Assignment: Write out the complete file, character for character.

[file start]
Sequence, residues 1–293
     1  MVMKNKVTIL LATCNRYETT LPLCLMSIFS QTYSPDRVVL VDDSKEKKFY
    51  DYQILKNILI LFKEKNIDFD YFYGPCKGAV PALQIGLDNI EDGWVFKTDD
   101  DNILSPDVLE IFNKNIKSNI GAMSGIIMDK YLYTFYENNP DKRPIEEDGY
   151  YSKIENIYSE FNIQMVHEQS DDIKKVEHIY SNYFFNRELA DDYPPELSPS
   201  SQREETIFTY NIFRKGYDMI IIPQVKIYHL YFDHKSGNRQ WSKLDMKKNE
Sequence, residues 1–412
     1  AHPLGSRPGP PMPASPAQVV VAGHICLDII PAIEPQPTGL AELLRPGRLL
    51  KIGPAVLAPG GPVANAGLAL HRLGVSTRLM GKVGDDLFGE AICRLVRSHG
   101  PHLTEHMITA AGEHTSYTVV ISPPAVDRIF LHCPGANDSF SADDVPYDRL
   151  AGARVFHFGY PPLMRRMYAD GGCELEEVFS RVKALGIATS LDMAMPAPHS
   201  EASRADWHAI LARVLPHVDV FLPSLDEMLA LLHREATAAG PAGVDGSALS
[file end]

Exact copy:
Sequence, residues 1–293
     1  MVMKNKVTIL LATCNRYETT LPLCLMSIFS QTYSPDRVVL VDDSKEKKFY
    51  DYQILKNILI LFKEKNIDFD YFYGPCKGAV PALQIGLDNI EDGWVFKTDD
   101  DNILSPDVLE IFNKNIKSNI GAMSGIIMDK YLYTFYENNP DKRPIEEDGY
   151  YSKIENIYSE FNIQMVHEQS DDIKKVEHIY SNYFFNRELA DDYPPELSPS
   201  SQREETIFTY NIFRKGYDMI IIPQVKIYHL YFDHKSGNRQ WSKLDMKKNE
Sequence, residues 1–412
     1  AHPLGSRPGP PMPASPAQVV VAGHICLDII PAIEPQPTGL AELLRPGRLL
    51  KIGPAVLAPG GPVANAGLAL HRLGVSTRLM GKVGDDLFGE AICRLVRSHG
   101  PHLTEHMITA AGEHTSYTVV ISPPAVDRIF LHCPGANDSF SADDVPYDRL
   151  AGARVFHFGY PPLMRRMYAD GGCELEEVFS RVKALGIATS LDMAMPAPHS
   201  EASRADWHAI LARVLPHVDV FLPSLDEMLA LLHREATAAG PAGVDGSALS